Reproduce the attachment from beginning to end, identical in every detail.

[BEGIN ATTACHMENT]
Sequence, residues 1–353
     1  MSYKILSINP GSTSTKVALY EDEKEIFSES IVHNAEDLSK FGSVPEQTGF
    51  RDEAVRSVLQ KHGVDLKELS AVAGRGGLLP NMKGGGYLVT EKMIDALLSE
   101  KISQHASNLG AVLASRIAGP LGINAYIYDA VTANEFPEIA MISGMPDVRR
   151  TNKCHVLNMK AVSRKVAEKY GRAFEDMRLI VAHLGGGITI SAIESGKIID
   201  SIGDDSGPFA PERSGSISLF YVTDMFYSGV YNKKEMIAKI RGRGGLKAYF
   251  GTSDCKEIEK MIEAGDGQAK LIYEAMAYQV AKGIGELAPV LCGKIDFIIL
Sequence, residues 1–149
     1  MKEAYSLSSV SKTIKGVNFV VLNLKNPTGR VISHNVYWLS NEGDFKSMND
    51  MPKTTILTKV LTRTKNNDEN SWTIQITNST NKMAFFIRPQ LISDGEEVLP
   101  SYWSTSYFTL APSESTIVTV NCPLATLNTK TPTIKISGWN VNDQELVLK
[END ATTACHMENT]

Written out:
Sequence, residues 1–353
     1  MSYKILSINP GSTSTKVALY EDEKEIFSES IVHNAEDLSK FGSVPEQTGF
    51  RDEAVRSVLQ KHGVDLKELS AVAGRGGLLP NMKGGGYLVT EKMIDALLSE
   101  KISQHASNLG AVLASRIAGP LGINAYIYDA VTANEFPEIA MISGMPDVRR
   151  TNKCHVLNMK AVSRKVAEKY GRAFEDMRLI VAHLGGGITI SAIESGKIID
   201  SIGDDSGPFA PERSGSISLF YVTDMFYSGV YNKKEMIAKI RGRGGLKAYF
   251  GTSDCKEIEK MIEAGDGQAK LIYEAMAYQV AKGIGELAPV LCGKIDFIIL
Sequence, residues 1–149
     1  MKEAYSLSSV SKTIKGVNFV VLNLKNPTGR VISHNVYWLS NEGDFKSMND
    51  MPKTTILTKV LTRTKNNDEN SWTIQITNST NKMAFFIRPQ LISDGEEVLP
   101  SYWSTSYFTL APSESTIVTV NCPLATLNTK TPTIKISGWN VNDQELVLK